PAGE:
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P205: An outbreak of polyclonal pseudomonas aeruginosa bacteremia in hemodialysis patients
© Ciobotaro et al; licensee BioMed Central Ltd. 2013
Published: 20 June 2013
Dialysis patients are at increased risk for infections. We describe an outbreak of Pseudomonas aeruginosa (Pa) bacteremia in patients with permcath in a dialysis unit of a 150 beds long term care facility (LTCF).
Epidemiological and bacteriological investigation was conducted to identify patients' risk factors, source of infection and modes of transmission.
Epidemiological investigation included a plot of outbreak's curve, observations on working processes, tabulate data of possible exposures. Bacteriologic & Molecular studies included cultivation of dialysis-related fluids and medications, health care workers (HCW) hands and patients' surroundings. Positive cultures were analyzed for antibiotic susceptibility and clonality using random amplification of polymorphic DNA (RAPD).
In the intervention recommendations for correct working processes and training were provided to the HCW and were followed by monitoring of compliance & feedback.
18 events of Pa bacteremia were recorded in 12 patients who undergo hemodialysis via a permcath. 9 patients were from the same ward in the LTCF.No cases were recorded in patients with A-V fistula. All fluids and intravenous medications cultures were negative for Pa.
Pa strains were isolated from few HCW hands, one permcath dressing, shower head, patients' bathroom floor, bathroom chair and treatment cart. RAPD analysis revealed polyclonality of the strains with few matches. One bacteremic strain was identical to the strain from the same patient's bathroom shower head.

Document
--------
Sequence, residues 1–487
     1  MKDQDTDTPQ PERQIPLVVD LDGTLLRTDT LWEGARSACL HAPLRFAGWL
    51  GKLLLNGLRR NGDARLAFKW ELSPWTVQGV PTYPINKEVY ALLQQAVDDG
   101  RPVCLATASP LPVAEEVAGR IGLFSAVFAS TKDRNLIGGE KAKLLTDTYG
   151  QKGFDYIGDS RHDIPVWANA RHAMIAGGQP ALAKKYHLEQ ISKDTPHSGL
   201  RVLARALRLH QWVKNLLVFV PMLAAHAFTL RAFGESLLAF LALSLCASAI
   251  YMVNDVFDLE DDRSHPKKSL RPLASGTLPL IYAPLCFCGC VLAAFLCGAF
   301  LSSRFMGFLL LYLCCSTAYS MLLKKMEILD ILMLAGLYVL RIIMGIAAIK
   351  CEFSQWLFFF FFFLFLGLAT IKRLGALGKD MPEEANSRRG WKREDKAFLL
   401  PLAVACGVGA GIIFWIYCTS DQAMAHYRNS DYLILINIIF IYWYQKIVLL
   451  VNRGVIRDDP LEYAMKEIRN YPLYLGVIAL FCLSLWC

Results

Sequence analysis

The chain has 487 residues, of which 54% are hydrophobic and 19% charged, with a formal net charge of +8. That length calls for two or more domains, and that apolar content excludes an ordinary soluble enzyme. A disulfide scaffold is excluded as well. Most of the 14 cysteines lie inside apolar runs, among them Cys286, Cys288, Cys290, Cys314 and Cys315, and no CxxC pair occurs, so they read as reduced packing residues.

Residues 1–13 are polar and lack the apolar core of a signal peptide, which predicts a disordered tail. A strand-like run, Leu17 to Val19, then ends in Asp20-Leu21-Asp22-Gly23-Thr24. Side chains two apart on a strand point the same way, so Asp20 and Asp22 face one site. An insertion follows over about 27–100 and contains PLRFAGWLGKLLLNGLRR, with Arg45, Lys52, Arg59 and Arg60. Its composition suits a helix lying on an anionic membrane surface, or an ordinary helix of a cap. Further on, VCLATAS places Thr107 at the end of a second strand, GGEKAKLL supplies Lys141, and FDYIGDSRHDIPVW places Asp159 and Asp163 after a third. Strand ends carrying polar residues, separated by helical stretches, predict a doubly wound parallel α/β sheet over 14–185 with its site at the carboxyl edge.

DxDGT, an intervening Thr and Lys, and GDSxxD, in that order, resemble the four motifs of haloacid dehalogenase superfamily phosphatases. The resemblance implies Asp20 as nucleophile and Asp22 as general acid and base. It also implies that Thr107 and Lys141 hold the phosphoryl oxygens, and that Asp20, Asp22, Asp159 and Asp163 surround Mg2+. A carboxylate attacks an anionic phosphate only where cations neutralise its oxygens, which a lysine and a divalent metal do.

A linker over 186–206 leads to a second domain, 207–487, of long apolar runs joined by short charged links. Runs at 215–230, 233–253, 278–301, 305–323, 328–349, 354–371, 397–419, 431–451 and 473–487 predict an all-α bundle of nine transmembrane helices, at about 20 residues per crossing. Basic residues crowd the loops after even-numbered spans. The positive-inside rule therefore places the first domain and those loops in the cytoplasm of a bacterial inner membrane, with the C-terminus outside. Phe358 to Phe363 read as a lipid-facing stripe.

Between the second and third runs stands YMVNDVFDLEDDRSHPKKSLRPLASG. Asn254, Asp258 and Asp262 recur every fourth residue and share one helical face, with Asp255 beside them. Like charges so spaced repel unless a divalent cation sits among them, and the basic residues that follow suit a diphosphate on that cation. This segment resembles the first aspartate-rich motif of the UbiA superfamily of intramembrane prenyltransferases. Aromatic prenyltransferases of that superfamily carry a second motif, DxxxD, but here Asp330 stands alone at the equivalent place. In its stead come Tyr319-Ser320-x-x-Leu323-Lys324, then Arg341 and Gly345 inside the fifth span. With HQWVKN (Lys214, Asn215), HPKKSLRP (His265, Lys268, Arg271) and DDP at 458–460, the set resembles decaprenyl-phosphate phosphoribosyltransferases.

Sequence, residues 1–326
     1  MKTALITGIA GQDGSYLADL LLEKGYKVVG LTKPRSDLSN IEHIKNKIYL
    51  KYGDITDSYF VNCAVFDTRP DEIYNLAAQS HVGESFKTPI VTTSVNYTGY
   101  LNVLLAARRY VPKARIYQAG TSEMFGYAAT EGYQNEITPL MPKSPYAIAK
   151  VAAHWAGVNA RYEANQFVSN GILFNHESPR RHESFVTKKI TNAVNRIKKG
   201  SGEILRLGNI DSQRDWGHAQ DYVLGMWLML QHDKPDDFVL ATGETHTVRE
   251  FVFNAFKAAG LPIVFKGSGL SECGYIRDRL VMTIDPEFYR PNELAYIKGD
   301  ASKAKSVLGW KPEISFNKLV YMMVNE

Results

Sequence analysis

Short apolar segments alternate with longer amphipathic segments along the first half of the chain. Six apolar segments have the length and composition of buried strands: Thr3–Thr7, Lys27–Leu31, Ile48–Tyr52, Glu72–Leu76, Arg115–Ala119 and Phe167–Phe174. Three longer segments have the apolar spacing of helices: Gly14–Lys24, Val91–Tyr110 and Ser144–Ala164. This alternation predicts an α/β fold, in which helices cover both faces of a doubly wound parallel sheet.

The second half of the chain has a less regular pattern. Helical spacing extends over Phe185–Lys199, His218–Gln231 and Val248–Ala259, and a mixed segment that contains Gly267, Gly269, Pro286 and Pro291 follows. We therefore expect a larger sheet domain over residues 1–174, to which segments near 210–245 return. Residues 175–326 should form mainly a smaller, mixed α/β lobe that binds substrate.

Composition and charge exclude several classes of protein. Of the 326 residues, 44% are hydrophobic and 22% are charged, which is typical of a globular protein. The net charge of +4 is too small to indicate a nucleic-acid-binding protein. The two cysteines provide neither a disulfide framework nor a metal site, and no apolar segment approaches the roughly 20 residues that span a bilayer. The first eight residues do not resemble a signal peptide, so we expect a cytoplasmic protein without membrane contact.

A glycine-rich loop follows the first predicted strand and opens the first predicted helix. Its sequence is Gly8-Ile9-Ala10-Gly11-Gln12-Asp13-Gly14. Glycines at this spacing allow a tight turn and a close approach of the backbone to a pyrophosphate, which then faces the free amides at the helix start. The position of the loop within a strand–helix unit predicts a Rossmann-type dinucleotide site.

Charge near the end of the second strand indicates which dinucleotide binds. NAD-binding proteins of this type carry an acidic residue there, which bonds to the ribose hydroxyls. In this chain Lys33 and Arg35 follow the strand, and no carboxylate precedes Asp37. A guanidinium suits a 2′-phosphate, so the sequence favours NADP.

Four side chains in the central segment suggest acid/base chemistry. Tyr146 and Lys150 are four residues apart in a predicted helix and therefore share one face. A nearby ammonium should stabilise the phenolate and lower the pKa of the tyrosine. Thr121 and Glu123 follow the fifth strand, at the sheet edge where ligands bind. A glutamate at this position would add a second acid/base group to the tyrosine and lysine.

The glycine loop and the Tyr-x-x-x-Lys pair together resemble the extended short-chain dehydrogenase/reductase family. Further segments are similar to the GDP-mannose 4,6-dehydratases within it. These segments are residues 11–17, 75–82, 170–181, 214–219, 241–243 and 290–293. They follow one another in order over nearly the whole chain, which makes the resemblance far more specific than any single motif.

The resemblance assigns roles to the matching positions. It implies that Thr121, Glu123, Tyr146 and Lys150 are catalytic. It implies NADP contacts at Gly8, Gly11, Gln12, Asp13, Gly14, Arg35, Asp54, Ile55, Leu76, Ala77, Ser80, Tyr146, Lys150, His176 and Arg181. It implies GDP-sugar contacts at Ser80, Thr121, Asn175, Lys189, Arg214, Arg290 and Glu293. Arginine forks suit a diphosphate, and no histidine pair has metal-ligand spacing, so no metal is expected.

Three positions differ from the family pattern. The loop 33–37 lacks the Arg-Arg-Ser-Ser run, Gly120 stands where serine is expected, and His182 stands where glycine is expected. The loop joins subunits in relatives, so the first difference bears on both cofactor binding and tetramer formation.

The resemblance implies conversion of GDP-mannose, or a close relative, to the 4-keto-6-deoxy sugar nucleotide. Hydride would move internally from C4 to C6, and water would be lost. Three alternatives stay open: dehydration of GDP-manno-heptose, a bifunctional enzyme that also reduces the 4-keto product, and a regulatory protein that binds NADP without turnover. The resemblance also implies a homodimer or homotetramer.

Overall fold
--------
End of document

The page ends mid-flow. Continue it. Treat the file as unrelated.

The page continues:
Inspections on work processes revealed that the permacath dressings got wet during bathing and were not changed until the next dialysis. Intervention that focused on proper permcath care resulted in marked decrease in incidence of Pa bacteremia for the following months.
The polyclonality of the isolated strains combined with the matches found between bacteremic and environmental strains suggested that Pa strains got into permcath tunnels through an improper handling of the catheters dressing rather than due to a common infected external source. Improper catheter care resulting in wet dressings is the plausible cause. Adherence to instructions for catheter care can minimize this risk.
Disclosure of interest
This article is published under license to BioMed Central Ltd. This is an Open Access article distributed under the terms of the Creative Commons Attribution License (http://creativecommons.org/licenses/by/2.0), which permits unrestricted use, distribution, and reproduction in any medium, provided the original work is properly cited.